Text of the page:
As for dictionaries and Edward Potter's question, mine are gathering dust too, but I sometimes find very good answers there. A couple of years ago I actually ordered three small, fashion related dictionaries that I heard about at a Proz webinar, and also managed to get a very good one about the oil industry.

So I think I will be keeping them, at least for the time being...


Fiona Grace Peterson  Identity Verified
Local time: 00:46
Italian to English
Very often Oct 7, 2016

I often refer to the KudoZ entries as part of my research. Doesn't mean I follow the suggestions blindly, but there are a lot of good suggestions there. Once you have been "around" for a while, you get a feeling for who are the reliable Pros and who are not.


Mario Chavez (X)  Identity Verified
Local time: 18:46
English to Spanish
+ ...
Researching terms, expressions Oct 7, 2016

Since I believe translation has more to do with writing for and within a culture than with a particular language, I don't search words but contexts. Consequently, I read a lot to understand the different contexts a term might function as I need it to.

Sadly, the terminology search here is not without its faults but it also shows some advantages (sometimes, some translators do provide good discussions and analysis). What's sadder, however, is how some self-described translators ask for a word-in-a-vacuum equivalent in the target language, half the time failing to provide any context. Some of them shouldn't be in the profession but it's a free world. Oh, well.


Maxi Schwarz
Local time: 17:46
German to English
+ ...
It comes up Oct 7, 2016

When I look up a term or expression, sometimes my search brings me to KudoZ. In that case I read the entire discussion, which imho is the more important part.
What is KOG?


Andris Dinaburgskis  Identity Verified
Local time: 01:46
English to Latvian
+ ...
Other Oct 7, 2016

Not really. However, when I search some terms or phrases via Google, useful KudoZ/KOG entries sometimes appears.


Mario Freitas  Identity Verified
Local time: 21:46
Member (2014)
English to Portuguese
+ ...
Always Oct 8, 2016

ProZ is always open in my browser, along with AvroDx and Google. AvroDx is great for EN-PT, but quite incomplete. ProZ has the advantage of the discussions and explanations, which no other resource has. Plus, you can make a question if you don't find a translation. And Google is an excellent tool to find translations (not GT whatsoever!) as long as you learn some tricks to do the searching.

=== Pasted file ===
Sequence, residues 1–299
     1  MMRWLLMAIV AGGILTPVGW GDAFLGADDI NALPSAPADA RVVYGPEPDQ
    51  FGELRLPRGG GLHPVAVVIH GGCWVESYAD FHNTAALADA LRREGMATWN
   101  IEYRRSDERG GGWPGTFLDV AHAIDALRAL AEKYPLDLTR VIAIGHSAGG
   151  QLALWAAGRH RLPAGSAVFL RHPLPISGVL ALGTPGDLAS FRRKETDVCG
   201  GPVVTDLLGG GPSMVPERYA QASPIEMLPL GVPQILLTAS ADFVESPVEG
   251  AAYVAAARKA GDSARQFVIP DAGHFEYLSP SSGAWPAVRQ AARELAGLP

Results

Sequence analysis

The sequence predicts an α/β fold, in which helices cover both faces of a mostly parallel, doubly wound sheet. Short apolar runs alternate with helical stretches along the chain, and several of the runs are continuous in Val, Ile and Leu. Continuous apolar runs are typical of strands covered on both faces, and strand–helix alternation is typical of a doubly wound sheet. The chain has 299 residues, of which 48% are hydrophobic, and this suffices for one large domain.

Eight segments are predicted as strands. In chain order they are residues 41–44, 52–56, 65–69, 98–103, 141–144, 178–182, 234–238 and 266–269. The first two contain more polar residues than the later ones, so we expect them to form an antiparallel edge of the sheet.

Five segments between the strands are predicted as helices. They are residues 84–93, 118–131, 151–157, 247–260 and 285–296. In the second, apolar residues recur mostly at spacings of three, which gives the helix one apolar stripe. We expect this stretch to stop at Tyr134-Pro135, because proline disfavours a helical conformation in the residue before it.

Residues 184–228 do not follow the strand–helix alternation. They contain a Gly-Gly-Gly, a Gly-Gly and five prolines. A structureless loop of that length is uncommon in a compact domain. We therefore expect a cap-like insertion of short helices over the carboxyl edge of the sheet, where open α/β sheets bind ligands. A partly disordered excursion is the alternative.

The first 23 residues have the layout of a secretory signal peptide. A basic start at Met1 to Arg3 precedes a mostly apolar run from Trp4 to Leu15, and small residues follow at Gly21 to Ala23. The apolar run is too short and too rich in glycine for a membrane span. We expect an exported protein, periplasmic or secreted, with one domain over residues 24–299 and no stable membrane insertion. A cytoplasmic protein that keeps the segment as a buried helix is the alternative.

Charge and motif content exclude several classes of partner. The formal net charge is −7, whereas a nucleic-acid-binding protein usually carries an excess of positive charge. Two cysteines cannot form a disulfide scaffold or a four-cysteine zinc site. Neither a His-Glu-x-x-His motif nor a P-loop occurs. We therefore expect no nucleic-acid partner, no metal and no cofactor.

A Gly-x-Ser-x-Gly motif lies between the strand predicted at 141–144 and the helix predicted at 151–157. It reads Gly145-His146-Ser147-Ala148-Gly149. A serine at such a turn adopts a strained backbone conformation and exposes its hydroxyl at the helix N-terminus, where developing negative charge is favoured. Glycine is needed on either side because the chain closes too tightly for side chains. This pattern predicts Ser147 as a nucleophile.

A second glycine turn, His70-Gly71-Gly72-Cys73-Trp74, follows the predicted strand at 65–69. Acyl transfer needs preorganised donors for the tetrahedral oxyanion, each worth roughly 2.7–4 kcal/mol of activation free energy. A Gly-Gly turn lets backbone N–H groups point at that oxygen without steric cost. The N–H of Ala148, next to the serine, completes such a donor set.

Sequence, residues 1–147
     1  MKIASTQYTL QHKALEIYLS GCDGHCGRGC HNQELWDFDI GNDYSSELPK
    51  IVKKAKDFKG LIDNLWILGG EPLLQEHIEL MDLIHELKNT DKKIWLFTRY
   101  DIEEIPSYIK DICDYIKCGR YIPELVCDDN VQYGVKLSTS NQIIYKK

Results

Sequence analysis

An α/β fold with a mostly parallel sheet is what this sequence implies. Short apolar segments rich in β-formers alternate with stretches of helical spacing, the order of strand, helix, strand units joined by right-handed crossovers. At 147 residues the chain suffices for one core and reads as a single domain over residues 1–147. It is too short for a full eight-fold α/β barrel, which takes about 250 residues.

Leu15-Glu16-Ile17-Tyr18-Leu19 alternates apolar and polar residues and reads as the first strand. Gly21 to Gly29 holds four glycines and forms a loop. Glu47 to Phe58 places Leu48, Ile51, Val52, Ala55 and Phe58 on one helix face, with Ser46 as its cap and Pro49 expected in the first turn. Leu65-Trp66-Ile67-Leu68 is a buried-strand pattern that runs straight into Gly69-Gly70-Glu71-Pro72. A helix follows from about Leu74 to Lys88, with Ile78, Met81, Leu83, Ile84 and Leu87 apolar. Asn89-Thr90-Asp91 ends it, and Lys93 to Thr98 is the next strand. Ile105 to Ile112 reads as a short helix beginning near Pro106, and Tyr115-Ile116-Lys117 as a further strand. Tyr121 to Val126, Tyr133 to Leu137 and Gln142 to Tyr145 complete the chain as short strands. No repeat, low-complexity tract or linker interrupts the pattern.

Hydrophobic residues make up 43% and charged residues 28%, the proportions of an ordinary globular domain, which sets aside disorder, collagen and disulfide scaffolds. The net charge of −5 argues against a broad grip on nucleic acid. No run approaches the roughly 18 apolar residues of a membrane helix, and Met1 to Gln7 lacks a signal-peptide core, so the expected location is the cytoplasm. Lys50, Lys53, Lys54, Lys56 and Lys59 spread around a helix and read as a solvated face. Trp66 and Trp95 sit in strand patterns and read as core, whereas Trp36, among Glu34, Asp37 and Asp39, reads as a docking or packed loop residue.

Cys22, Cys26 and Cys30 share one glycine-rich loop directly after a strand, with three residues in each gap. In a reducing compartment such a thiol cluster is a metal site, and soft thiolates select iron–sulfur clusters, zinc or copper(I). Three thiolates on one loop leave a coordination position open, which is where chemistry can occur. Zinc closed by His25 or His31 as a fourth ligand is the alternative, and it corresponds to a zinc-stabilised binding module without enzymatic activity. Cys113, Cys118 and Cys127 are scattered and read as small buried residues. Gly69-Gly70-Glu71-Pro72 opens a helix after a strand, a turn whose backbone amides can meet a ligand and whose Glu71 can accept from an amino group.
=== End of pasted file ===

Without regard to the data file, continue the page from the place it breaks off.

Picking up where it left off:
And I notice many people like Linguee. There are two sections in Linguee. The first one may be very useful, i.e. the top section with dictionary transaltions and synonyms. The large section, with translations posted by users, however, is the paradise of literal translations. 90% of the translations found there are always very literal, therefore not trustworthy. So be careful with that specific section of Linguee. It has no quality control, and it's just a compilation of translations posted by users.


Cathy Flick  Identity Verified
Local time: 18:46
Member (2003)
Russian to English
+ ...

Posted via
ProZ.com Mobile

Hardcopy vs online dictionaries Oct 8, 2016

Someone asked about hardcopy dictionaries gathering dust. Mine are, too. Many years ago, another translator said he ocr'd his old dictionaries to get them into electronic form. He wanted to be able to load them into his laptop for traveling. He had to unbind the pages first.

I use www.multitran.ru all the time when translating from Russian into English. I still have to check out the results, but it's a good starting place.

Linguée can be helpful but isn't too reliable. Sometimes I'll just google for key terms in both target and source, that can bring up articles or patents with an English abstract or version, fractured though it may be. Or I'll just search for terms in the target, since if I can find a definition or explanation - then I can usually decide what to call it in English.

Kudoz can be useful especially because of the discussions. But always check the ideas out in other sources. That's true with hardcopy dictionaries also. They can be obsolete, incomplete, or dead wrong at least in technical areas.